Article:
The take home message from the contest, then, is that you should follow your cattle through the feedyard and into the cooler, on at least a test group of cattle, to obtain as much information as possible about what you are producing. This information will give you greater power when selecting the best marketing option.

A special thanks to BEEF magazine and my Texas A&M University (TAMU) colleagues Pat Mies, David Lunt, Davey Griffin, Larry Boleman and the staff at the TAMU Research Center at McGregor for their help with this project. In addition, I also owe thanks to Mike De La Zerda and Doug Perkins of the Texas Beef Council for their contributions. And, lastly, thanks to the fine folks at Zinpro Corp. for their support of the 2002 Beef Quality Challenge.


Age 13 & Under

$500 savings bond and trophy
Kyle Jones
Cedar Creek, TX

Age 14-18

$500 savings bond and trophy
Randy Schmeltekopf
East Kyle, TX

Age 19 & Over

$1,500 in cash
Diana L. Jones
Cedar Creek, TX

Feedyard Team

$5,000 in Zinpro® nutrition products
Bret Hull, Hull Cattle
Jacksboro, TX

International Livestock Congress

The 2003 International Livestock Congress, set for Feb. 25-28 in Houston, TX, will focus on profitability in the horse and beef industries. In each species, a keynote speaker will preface a program of breakout sessions addressing critical issues facing the two industries.

“The volatile nature of the beef industry… demands that we keep a sharp eye focused on the trends shaping consumer perceptions and needs so the beef industry can remain profitable,” says Gary Smith of Colorado State University, who, along with Jack Allen, Michigan State University professor emeritus, is a co-chair of the beef program.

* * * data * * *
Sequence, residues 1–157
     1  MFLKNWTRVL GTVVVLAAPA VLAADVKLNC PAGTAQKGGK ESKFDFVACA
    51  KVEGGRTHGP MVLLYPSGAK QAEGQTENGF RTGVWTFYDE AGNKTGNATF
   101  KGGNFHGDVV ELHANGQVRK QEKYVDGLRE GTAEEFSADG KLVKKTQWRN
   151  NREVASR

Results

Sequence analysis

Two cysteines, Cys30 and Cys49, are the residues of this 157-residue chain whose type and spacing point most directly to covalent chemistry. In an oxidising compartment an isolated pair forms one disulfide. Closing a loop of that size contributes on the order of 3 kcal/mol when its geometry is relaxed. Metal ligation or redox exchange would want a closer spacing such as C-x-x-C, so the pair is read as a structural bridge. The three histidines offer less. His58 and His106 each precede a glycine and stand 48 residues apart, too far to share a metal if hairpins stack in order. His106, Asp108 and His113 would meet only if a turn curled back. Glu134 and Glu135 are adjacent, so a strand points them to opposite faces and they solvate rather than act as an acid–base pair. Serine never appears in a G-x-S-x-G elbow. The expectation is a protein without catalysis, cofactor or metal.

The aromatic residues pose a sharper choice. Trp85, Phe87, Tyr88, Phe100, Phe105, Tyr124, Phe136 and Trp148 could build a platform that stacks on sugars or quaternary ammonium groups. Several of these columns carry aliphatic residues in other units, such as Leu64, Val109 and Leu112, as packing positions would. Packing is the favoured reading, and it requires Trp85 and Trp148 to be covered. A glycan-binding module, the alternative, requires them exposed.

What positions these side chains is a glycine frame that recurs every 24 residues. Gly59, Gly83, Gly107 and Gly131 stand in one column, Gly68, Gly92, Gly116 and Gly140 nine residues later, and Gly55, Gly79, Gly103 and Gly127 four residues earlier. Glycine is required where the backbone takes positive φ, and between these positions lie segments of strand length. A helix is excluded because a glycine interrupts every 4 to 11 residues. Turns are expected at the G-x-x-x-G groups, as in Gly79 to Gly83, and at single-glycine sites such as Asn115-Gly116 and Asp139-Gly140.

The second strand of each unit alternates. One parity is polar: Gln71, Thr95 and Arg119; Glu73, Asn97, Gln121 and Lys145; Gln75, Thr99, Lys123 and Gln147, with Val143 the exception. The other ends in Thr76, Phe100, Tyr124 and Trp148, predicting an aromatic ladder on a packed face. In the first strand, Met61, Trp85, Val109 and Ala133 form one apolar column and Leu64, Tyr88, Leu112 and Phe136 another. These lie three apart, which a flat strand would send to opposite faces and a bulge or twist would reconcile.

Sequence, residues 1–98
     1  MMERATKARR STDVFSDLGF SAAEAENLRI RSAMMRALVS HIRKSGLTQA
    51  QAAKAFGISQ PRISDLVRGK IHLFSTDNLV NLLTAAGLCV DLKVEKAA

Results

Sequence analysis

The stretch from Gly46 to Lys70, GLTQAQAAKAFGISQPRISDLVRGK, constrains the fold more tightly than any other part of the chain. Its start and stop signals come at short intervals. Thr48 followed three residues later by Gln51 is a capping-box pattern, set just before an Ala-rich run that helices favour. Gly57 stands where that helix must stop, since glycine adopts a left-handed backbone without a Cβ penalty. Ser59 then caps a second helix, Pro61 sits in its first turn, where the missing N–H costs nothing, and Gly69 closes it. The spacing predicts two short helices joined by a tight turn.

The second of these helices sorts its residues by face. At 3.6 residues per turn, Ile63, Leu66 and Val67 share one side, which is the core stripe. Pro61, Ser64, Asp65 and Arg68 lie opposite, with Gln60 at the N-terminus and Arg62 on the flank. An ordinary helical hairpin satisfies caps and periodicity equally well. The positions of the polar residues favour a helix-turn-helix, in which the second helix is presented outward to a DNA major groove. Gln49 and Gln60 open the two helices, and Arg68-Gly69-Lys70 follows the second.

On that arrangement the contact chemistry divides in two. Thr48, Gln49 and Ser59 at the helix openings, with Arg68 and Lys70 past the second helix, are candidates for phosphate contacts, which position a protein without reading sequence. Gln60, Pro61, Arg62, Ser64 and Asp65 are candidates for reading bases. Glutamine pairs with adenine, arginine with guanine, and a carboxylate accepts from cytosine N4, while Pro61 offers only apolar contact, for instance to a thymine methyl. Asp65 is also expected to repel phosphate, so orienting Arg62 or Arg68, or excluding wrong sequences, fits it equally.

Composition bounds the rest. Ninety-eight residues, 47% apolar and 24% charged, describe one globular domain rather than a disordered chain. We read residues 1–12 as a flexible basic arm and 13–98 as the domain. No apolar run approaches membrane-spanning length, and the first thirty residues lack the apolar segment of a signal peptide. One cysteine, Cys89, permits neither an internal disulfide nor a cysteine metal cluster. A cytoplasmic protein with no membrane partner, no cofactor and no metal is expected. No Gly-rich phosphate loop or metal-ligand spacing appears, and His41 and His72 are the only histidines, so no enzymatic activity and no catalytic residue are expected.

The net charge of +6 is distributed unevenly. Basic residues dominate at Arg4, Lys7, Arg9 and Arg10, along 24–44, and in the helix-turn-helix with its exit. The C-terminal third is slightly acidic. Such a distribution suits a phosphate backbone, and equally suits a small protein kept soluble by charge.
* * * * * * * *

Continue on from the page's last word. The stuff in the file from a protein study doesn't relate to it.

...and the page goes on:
Addressing that topic in the opening session are four prominent beef industry figures: Chuck Schroeder, former National Cattleman's Beef Association executive vice president; Paul C. Genho, vice president and general manager for King Ranch Inc.; Bill Buckner, co-leader of Cargill's Meat Solutions Platform; and Randy Blach, executive vice president of Cattle-Fax.

For program and registration, contact Julie Kimball at 817/367-6563, e-mail her at [email protected] or go to

New Internet Directory

Looking for an online, all-breeds, one-stop shop for your bull listing and buying needs? Check out The new Web site brings all elements of the cattle industry together — all breeds and all herd sizes, both seedstock and commercial — to encourage interaction on the Web.

Folks looking to gain exposure for their herds, regardless if they have a Web site or not, can create for no charge their own listing on using their home or office computer. The site plans to soon offer listers the opportunity to promote private auctions, private treaty sales, and semen or embryo offerings, plus more.